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Iron Tower Studio - Taking Care of Business

Discussion in 'Game/SP News & Comments' started by RPGWatch, Feb 14, 2018.

  1. RPGWatch

    RPGWatch Watching... ★ SPS Account Holder

    Jul 28, 2010
    Likes Received:
    [​IMG]Iron Tower Studio wrote an article on the business side of making their games which makes for interesting reading.


    Taking Care of Business - 2018

    Even though we worked on our first game for more than 10 years (mainly due to inexperience and working part-time), I count 2016 as Year One. Before that we were a Fellowship (of the RPG) and now we're a Business with multiple revenue streams. In a Fellowship, hoping for the best is a sound business strategy: you're working on your first game and hope it will do well. Then the game is out, it does great (meaning it doesn't fail outright, which is as great as it gets these days, especially if you're an indie with a shoestring budget), your Fellowship gets upgraded into a Business, gets its own IRS number, and you face an existential question that has plagued mankind ever since we crawled out of caves:

    Now what?

    The goal is to make more RPGs, of course, but:

    We'll work full-time from now on, meaning we'll have to rely on the first game's revenues to pay for the second game's development. We'll make the second game twice as fast, but twice as fast still means 4-5 years, which sounds about right considering that full-scale RPGs take 3-4 years for proper studios with proper budgets, which means that:
    We'll have to boost our revenues with a short-term project (expansion or spin-off), which means that we'll have to make a small-scale game that sells. Easier said than done these days.

    Our second full-scale RPG should be different enough to dodge the dreadful 'more of the same' stigma while keeping the design core intact, be better than the first one (meaning the design flaws must be fixed and the design core expanded), AND sell more than the first one. Now that we figured out what we want, all we need is a genie to grant us these 3 wishes.

    To chart through these treacherous waters, we need to know what works and what doesn't (aka a frame of reference when it comes to business decisions). Unfortunately, such info isn't really available, so indie developers have no choice but to sail without maps or compass, doomed to learn from their own mistakes in an industry where your first mistake might be your last. Thus we turn to SteamSpy's data and achievements, reading them the way people used to read the tea leaves and entrails (and just as accurately).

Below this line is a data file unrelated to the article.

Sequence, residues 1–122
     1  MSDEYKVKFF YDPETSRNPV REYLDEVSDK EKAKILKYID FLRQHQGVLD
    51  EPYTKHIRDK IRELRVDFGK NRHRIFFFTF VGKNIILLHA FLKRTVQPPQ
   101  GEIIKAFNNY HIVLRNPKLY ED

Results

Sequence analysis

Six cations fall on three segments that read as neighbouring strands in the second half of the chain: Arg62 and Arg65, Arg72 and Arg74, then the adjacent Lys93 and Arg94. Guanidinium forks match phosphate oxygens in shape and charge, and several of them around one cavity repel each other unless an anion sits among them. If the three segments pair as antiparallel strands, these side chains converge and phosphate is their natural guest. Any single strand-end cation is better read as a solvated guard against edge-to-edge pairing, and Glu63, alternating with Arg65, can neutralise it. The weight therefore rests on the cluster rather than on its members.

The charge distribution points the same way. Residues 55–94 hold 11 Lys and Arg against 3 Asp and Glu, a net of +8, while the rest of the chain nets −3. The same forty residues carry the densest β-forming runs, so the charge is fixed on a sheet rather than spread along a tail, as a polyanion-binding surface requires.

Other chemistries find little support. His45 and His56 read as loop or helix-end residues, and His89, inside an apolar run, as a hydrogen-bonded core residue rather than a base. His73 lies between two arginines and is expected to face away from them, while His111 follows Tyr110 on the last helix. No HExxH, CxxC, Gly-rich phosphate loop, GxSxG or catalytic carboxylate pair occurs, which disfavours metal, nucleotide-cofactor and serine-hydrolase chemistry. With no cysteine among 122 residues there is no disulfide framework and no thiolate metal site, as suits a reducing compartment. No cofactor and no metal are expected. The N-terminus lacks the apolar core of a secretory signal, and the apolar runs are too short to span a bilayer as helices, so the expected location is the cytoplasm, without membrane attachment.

Essentially, this article is part 1 of our business diary to be posted over the years. Hopefully, someone might find it interesting. Ideally, other developers will share their own stories and contribute to the indie knowledge base.

    The Age of Decadence (our first full-scale RPG)

    We released it in Oct 2015 and I'm happy to report it's still selling and still being mentioned favorably here and there (which is why it's still selling, I assume). We've sold 126,295 copies to-date at an average rate of $13.51 per copy. The price reflects not just the discounts during the sale events but the regional pricing as well, which is an equally strong factor.

    Year by year it goes something like this:

    2013-2014 (Early Access & Direct Pre-Orders): 13,124 copies - $320,157 - $24.39 avg.
    2015: 20,771 - $472,869 - $22.76
    2016 48,798 - $620,914 - $12.72 (50% discount is introduced in March)
    2017 43,808 - $293,714 - $6.70 (75% off on sale events throughout the year)

    The moral of this story is twofold:

    First, the number of copies sold never tells you the full picture. In 2017 we sold twice as many copies as in 2015 and almost the same as in 2016 but got less than half of 2016's revenue.

    Second, 95% of what you sell is sold during the sale events so your sale price (lowered further by the regional pricing) becomes your effective price during that year. It's also worth noting the increase of copies sold as we increased the discounts. 73% of copies were sold at 50-75% off.

    In January 2018 we reduced the price from $29.99 to $19.99 to boost non-sale sales and mainly to see what happens (i.e. gather more data).

    Dead State (the first joint project)

    In late 2009 we partnered up with Brian Mitsoda to work on Dead State, a zombie survival RPG. We had the engine (Torque engine upgraded for some serious RPG work), the tools, and experience, so it made sense to offer it to developers lacking the tech base and explore this 'business model'. Brian would handle the design, writing, and scripting, we'd handle programming, art, and animations. Our thinking was that by the time AoD hits the final stage, when the focus is mainly on quests and scripting, our programmer, artist, and animator would be able to switch to Dead State without affecting AoD. Of course, it didn't work out quite like that, but we did deliver and learned quite a lot in the process.

    As indie developers we were excited to hastily implement things the moment we could (only to be forced to redo them a few months later), but Brian followed a more structural and organized way of game development. Since that's not something any of us was ever exposed to, it was a very useful practical lesson. Unfortunately, working on two projects at once put quite a strain on the team, so it's not something we'd ever do again. While theoretically we can hire and train another team and let them handle joint projects as it's certainly a profitable venture, it's a very different business model that would eventually turn us into project managers rather than game developers.

    Since we can't disclose the financial aspects of this project, they aren't included in the revenues posted in this article.

    Last edited by a moderator: Feb 14, 2018
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